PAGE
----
Posted October 09, 2018 07:05:06 The technology to make cycling helmets safer has just entered its next phase, and that’s when you might not even be wearing a helmet at all.
According to the American Academy of Pediatrics, children who wear a helmet may have a 10% lower risk of a head injury, and in some cases a 50% lower chance of a serious brain injury.
That means that wearing a bicycle helmet can reduce your risk of being injured or killed on a bicycle by as much as 90%.
But that’s not all.
While helmet manufacturers claim they are safer than conventional helmets, a new study shows that they may actually be worse for you, too.
A new study led by researchers at Boston University found that people who wore helmets when they were younger, before the advent of helmet technology, had a 40% higher risk of death and a 15% lower likelihood of surviving to be older than 25 years old.
While the researchers weren’t able to determine the cause of the higher risk, they suggest that the high risk of developing serious injuries may be linked to the high level of helmet wearing among young people.
The researchers suggest that if you’re a person who already has a helmet and you start getting older, you’re more likely to wear one.
“Our data suggest that wearing helmets in young adulthood, as opposed to earlier in life, is associated with an increased risk of the development of severe injuries,” the researchers wrote in their study.
“In contrast, older adults, who do not wear helmets, do not have increased risk for these outcomes.”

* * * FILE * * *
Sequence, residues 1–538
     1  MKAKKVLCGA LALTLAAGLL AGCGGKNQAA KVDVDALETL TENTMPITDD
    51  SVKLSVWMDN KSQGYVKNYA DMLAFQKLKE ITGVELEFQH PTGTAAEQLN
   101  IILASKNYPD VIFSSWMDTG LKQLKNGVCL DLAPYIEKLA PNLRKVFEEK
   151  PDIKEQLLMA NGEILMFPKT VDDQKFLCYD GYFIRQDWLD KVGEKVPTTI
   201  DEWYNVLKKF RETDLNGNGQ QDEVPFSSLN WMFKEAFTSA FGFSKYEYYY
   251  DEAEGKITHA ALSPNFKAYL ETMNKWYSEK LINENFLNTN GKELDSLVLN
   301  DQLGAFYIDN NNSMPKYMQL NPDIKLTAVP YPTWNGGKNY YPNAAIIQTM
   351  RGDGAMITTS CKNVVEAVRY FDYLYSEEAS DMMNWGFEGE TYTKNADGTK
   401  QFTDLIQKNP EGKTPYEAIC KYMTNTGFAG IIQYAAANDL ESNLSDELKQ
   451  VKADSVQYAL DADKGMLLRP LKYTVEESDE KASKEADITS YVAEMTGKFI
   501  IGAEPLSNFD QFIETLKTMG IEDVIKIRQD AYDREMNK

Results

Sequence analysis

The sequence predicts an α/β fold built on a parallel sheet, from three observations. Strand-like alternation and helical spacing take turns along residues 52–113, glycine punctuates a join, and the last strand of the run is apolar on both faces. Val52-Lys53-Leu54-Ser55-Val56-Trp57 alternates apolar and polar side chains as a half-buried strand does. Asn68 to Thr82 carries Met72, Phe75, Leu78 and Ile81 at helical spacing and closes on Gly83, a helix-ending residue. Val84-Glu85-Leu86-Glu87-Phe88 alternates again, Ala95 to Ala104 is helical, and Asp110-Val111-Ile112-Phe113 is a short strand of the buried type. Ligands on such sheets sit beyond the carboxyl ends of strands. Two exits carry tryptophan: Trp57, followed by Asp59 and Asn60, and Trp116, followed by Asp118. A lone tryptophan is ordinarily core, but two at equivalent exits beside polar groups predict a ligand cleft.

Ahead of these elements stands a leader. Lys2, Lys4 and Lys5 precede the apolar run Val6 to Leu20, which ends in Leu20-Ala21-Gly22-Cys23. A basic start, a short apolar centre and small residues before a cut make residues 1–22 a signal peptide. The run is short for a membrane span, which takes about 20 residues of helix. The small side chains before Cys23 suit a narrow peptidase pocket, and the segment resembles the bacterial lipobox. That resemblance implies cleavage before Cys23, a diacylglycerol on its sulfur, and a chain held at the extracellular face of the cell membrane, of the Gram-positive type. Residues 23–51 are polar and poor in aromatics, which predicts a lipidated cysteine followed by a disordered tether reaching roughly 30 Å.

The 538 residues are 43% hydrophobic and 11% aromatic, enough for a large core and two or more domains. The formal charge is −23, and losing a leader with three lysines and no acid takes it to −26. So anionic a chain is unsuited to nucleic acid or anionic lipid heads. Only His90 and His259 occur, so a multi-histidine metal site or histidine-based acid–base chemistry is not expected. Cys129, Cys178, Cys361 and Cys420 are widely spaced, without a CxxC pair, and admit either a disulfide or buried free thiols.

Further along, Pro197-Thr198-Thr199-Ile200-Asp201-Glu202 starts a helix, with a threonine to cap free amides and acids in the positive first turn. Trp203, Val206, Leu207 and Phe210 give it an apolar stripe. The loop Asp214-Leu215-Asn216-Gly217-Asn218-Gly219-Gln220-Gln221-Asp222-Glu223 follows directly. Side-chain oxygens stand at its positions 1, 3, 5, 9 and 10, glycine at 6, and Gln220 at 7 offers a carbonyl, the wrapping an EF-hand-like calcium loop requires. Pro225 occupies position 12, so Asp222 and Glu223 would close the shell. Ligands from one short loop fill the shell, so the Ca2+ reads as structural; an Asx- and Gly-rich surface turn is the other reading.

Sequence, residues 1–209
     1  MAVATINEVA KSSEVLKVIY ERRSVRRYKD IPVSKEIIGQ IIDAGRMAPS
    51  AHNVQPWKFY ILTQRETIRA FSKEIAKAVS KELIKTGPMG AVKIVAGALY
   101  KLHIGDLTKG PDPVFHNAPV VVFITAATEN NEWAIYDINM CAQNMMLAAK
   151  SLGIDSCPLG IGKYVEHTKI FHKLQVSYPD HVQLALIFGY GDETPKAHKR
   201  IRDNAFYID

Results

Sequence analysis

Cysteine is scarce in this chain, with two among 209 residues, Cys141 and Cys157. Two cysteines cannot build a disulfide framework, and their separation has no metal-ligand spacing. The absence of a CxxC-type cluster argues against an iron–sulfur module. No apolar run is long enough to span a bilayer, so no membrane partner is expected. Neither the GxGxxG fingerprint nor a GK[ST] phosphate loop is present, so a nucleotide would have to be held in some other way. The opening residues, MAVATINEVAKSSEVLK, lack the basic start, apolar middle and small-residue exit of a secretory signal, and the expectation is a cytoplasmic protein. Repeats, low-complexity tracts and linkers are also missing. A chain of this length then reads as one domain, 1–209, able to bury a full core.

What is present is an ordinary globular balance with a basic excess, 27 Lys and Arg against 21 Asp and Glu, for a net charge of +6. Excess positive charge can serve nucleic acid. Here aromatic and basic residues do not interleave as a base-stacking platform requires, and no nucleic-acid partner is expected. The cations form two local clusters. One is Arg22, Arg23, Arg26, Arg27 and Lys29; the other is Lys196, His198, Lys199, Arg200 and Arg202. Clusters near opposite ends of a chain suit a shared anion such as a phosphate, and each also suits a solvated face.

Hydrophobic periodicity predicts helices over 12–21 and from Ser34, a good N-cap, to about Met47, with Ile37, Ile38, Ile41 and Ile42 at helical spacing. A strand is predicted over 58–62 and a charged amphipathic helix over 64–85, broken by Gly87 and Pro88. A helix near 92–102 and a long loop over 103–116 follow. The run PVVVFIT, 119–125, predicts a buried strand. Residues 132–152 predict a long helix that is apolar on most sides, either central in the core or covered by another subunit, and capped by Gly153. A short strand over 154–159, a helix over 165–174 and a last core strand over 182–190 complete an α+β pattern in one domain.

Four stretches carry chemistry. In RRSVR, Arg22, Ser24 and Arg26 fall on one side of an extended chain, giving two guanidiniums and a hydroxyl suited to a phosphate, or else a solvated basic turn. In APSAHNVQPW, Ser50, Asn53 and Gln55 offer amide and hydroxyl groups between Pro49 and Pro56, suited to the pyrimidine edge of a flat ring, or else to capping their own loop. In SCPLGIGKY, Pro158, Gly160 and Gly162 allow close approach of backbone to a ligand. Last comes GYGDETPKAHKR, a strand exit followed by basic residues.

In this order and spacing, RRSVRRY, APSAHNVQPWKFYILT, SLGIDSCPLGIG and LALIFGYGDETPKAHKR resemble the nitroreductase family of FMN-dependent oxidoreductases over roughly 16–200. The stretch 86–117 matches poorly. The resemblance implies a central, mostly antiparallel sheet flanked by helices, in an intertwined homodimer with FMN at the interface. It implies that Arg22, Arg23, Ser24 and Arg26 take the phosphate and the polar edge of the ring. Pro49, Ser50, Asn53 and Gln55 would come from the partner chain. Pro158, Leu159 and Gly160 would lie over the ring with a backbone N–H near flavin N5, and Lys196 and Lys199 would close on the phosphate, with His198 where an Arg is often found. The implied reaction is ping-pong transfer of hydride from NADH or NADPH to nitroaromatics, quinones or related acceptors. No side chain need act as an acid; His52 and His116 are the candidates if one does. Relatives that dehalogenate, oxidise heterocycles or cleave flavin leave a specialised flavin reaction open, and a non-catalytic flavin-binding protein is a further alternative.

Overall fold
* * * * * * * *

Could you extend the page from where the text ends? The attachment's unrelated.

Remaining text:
The researchers also noted that the findings were similar to previous research that found younger adults who didn’t wear helmets were more likely than older adults to have serious injuries.
But there are two important caveats to the study.
First, the researchers didn’t investigate the impact of helmet use on other risks.
The other major caveat is that the research team limited their analysis to the US, and so the data doesn’t include the impacts of helmets on other countries.
Another limitation of the study is that it was based on self-reporting.
While it’s certainly possible that there are some biases in self-report, the authors of the new study noted that people can be more likely for people who wear helmets to report that they have received helmet training, which may affect their risk for serious injuries or deaths.
“This was an observational study, not a causal one,” said Michael Mascaro, an assistant professor of pediatrics at Boston Children’s Hospital.
“Our findings, if replicated, would suggest that helmets may reduce the risk of serious injuries and deaths but not all of them.”
This research was published in the October 2 issue of the Journal of Pediatrics.